Plug your computer microphone into the mic input on your computer. This is usually a pink-lined opening.
Open the Audacity program. In the upper right, you’ll see an icon of a microphone with a slider beneath it. This controls the volume of your microphone. Make sure it is all the way to right.
Go to File; Preferences. Set the Quality to 44.1, 16-bit. Set the File Format, Uncompressed File Size to WAV 16-bit if you’re working on Windows, or AIFF 16-bit if you’re working on a Mac. Under MP3 conversion, select 64 as the bit rate. You may need to locate your Lame Library before you can make a change to this setting (Lame is separate mp3 encoding software that you’ll also need to download from the Audacity site).
Now you’re ready to record. Press the red record button and start speaking. You will start to see the digital waveform as you speak. Record the copy, pause for a second, and reread it. Now you have 2 takes contained within the same digital file.
Press the brown square to stop recording. Check to make sure the playback slider is maximized enough for you to hear. You’ll find this next to the microphone control.
Click on the green play arrow. Listen to your takes and decide which one you like better. (If you want to record again, start over and create a new file. Otherwise, the program will open new tracks in the same file and it gets a little confusing.)
Now you have two choices on how you want to edit these basic recordings. You can preserve the original file and just copy the section you want to a new file. Or you can cut everything you don’t want, leaving just the good portion in the original file. Here’s how to do the first option.
Select the portion of the recording that you like, just as you would highlight text to cut and paste. Click and hold the left mouse button while you highlight from the silence right before you start speaking to the silence right after you stop. Go to Edit, Copy.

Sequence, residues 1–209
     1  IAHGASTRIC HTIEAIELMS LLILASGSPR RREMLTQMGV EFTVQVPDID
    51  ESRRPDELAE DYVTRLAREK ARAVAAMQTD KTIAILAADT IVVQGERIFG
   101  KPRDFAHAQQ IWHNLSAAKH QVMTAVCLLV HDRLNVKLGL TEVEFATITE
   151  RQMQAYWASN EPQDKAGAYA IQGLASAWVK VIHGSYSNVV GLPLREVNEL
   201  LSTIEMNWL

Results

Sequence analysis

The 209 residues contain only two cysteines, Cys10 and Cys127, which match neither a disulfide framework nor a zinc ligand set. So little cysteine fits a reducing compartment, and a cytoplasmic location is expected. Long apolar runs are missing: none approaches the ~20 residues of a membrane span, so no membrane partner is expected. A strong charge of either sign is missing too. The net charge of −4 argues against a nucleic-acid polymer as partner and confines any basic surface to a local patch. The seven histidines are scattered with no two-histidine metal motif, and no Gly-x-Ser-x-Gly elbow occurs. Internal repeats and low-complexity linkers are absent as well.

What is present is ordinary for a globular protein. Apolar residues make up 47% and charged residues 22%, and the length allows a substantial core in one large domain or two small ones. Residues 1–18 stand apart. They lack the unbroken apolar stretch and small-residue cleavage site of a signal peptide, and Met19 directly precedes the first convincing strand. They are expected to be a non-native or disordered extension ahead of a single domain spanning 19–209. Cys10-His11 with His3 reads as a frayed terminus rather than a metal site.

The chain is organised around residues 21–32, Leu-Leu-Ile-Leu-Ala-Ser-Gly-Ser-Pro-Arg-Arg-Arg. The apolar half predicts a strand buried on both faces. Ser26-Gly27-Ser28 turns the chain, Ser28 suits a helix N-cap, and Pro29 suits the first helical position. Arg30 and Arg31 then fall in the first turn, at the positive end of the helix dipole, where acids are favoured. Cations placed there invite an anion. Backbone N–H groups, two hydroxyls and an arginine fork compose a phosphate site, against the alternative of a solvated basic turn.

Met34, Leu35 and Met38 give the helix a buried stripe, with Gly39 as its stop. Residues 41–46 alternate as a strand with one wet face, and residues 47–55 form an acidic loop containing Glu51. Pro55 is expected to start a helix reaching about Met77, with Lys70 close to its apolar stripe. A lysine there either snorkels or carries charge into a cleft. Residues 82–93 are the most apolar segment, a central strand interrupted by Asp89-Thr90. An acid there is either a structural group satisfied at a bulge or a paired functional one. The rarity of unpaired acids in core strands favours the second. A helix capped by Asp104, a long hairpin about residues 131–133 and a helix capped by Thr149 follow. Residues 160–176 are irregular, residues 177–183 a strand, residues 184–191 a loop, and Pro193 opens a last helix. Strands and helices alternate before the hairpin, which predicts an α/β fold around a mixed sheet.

Create a new file (File, New). Select Edit, Paste. Your edited section will now appear. You can fine-tune the editing here, by using the Zoom In tool (a magnifying glass with a plus sign inside). You can fade in or out, by selecting a portion of the file and clicking on Effect, Fade In or Fade Out. Generally, you won’t need to do fades on an audition, but they’re helpful when editing your demos for the website.
When you’re happy with the results, you’ll want to Normalize the file. Select the whole piece, go to Effect, Normalize and click OK. This will improve the sound.
Now, save the file. Go to File, Save As and name the file. Now you have to convert the file to an MP3. Go to File, Export As MP3. If you haven’t set up an association with Lame in Preferences, Audacity will ask you to find the Lame Library. If you have saved it in Programs, browse for it there. You only have to do this step once. The program finds the Lame MP3 encoder, and compresses your original file into a 64-bit MP3. You can now upload your audition to the website.
As you practice, you’ll want to experiment with how close you are to the microphone. You may need a pop filter, if you start hearing a lot of hits and pops in your recording. We’ve found that computer headphone/microphone combinations have built-in windscreens that reduce this problem.